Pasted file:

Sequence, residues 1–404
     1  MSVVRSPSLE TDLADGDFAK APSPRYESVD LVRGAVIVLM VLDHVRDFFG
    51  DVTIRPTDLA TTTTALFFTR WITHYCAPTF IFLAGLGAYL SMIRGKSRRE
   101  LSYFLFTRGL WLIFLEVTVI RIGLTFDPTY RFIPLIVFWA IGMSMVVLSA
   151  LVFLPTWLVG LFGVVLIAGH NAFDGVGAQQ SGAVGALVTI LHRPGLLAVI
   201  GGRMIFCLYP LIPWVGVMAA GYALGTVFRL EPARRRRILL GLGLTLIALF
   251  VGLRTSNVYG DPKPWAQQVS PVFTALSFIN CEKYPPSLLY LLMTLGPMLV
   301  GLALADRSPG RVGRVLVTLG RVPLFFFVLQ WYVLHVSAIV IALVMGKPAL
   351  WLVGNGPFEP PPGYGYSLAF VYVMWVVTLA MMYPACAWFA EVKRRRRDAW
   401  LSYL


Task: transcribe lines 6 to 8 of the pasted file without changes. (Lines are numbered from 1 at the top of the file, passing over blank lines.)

   201  GGRMIFCLYP LIPWVGVMAA GYALGTVFRL EPARRRRILL GLGLTLIALF
   251  VGLRTSNVYG DPKPWAQQVS PVFTALSFIN CEKYPPSLLY LLMTLGPMLV
   301  GLALADRSPG RVGRVLVTLG RVPLFFFVLQ WYVLHVSAIV IALVMGKPAL